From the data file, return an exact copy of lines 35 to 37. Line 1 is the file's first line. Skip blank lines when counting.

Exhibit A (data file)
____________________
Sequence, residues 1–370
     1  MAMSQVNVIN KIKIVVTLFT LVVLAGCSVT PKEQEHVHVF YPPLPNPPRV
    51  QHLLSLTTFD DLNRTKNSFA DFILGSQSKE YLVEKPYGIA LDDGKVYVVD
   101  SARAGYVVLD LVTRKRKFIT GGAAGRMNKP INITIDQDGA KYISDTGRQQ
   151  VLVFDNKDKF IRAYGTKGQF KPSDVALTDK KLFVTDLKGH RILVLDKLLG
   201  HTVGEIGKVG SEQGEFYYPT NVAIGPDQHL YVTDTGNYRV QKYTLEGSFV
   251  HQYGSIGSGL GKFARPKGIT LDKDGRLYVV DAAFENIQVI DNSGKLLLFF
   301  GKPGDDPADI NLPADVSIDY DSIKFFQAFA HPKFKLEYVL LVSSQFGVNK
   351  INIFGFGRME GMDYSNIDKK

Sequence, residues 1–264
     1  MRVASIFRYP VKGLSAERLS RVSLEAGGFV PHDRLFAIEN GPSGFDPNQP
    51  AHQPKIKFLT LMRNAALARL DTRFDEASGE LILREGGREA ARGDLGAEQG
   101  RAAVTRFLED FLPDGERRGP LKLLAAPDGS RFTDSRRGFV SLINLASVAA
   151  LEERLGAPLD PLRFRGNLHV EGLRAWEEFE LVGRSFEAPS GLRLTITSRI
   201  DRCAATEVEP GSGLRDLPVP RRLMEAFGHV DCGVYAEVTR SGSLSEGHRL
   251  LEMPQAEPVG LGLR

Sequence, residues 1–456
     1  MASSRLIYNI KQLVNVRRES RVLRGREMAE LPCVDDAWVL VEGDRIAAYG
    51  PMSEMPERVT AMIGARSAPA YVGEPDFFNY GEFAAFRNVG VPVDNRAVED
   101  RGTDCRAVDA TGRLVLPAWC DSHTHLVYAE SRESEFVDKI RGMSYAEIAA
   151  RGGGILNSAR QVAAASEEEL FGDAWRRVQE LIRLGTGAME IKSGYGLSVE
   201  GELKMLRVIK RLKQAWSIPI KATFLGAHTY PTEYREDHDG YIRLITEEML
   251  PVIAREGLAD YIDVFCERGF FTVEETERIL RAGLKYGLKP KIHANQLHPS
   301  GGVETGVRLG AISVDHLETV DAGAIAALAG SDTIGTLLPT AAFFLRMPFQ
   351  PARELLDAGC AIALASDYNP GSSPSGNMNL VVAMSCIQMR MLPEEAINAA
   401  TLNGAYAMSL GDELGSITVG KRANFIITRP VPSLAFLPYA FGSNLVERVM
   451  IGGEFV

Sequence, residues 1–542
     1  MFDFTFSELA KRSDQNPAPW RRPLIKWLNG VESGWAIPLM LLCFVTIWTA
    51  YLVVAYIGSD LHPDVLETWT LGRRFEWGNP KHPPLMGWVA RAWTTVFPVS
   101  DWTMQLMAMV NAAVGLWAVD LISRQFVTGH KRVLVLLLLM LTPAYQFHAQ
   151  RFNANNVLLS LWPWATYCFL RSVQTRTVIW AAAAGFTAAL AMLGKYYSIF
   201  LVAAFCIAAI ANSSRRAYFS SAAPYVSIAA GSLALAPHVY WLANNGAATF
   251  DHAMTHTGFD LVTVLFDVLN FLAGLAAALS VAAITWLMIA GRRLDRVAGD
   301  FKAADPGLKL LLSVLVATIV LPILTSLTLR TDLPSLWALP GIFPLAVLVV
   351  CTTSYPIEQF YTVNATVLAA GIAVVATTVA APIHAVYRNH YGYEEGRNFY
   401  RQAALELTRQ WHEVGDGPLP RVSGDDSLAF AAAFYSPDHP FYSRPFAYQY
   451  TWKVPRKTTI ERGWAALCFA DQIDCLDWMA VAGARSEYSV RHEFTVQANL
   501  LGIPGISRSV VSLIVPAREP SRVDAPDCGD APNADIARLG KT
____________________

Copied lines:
   301  FKAADPGLKL LLSVLVATIV LPILTSLTLR TDLPSLWALP GIFPLAVLVV
   351  CTTSYPIEQF YTVNATVLAA GIAVVATTVA APIHAVYRNH YGYEEGRNFY
   401  RQAALELTRQ WHEVGDGPLP RVSGDDSLAF AAAFYSPDHP FYSRPFAYQY